It’s a similar story for most of her teammates too, all of whom either work or study around football. Miller studies in Belgium alongside her playing career, while 18-year-old goalkeeper Lucie Schlimé is still at school back home in Luxembourg, yet has to prepare herself to face an attack that broke the record for goals scored in a single European Championships a month ago.
Schlimé, who plays domestically in Luxembourg, amazingly is the oldest of the three goalkeepers in the squad and will turn 19 later this month, after making her senior debut at just 16 and was in goal for the reverse 0–10 earlier in the group stage.
“I started playing football very late,” she said. “Since I could walk, I played football with my cousin in the street. It wasn’t possible for me to join a club because of transport problems. I got the chance when I was 12 and we moved to a small club to play football.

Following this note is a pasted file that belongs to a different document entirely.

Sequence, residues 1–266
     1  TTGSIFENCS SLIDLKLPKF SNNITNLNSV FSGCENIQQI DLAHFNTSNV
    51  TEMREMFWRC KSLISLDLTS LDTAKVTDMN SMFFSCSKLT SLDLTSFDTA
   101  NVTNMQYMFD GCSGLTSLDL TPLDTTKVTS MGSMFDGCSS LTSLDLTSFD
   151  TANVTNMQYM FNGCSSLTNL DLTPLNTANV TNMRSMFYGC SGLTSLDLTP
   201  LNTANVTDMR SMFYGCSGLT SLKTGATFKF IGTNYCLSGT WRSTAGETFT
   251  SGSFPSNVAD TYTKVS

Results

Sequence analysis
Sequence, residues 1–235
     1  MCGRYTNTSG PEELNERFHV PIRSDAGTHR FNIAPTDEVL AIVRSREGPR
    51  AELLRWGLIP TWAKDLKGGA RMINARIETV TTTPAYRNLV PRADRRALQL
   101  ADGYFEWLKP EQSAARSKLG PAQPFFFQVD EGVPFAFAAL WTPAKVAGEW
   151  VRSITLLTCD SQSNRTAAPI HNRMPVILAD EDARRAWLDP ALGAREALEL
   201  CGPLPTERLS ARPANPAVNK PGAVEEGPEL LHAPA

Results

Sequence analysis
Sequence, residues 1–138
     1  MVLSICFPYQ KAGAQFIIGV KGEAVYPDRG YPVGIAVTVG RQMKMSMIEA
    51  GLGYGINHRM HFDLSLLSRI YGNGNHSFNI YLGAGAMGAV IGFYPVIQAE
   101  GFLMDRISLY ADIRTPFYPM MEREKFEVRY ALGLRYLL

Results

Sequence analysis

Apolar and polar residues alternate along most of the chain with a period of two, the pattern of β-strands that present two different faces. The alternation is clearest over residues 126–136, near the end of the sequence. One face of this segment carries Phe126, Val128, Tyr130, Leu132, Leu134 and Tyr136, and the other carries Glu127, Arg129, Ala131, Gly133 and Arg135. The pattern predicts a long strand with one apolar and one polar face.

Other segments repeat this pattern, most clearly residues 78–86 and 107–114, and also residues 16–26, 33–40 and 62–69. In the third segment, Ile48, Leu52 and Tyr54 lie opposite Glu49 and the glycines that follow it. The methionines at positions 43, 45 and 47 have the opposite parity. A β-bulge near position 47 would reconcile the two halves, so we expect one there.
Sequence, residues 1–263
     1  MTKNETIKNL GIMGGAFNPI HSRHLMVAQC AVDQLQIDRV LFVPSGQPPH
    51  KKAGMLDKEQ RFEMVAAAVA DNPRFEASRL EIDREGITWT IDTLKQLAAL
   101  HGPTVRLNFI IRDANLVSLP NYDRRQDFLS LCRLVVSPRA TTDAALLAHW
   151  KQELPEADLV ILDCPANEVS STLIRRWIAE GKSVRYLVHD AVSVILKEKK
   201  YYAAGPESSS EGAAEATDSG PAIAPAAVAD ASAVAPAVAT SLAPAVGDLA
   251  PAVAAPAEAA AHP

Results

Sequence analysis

“Ever since the beginning, I only played with girls, which I regret today because I wasn’t challenged enough from the beginning. I spent the first four years in this club until at 16 I moved to Itzig in the Luxembourg first league. In the national team, I started at 14 with the Under-16s and then made my senior debut at 16.”
What Schlimé has access to will be a world away from her opposite number, Manchester United’s Mary Earps, on Tuesday night, whether it be Earps or either of Manchester City keepers Ellie Roebuck or Sandy MacIver.
Some of Luxembourg’s heavy defeats would be tough for any teenage goalkeeper to take, but Schlimé admits she takes positives from every game and has had to deal with the pressure of making her senior debut so young.
“They threw me in at the deep end when I was 16,” she recalled. “I played my first game against Kosovo and we lost 0–5. I was still very insecure and lacked presence in goal. The coaches trusted me though and didn’t put any pressure on me.
“I viewed it as a test match and I was and am very proud to wear the jersey. A lot has happened in those two years. There’s been more better days than bad days, but I would say the trust of my coaches has made me what I am today.”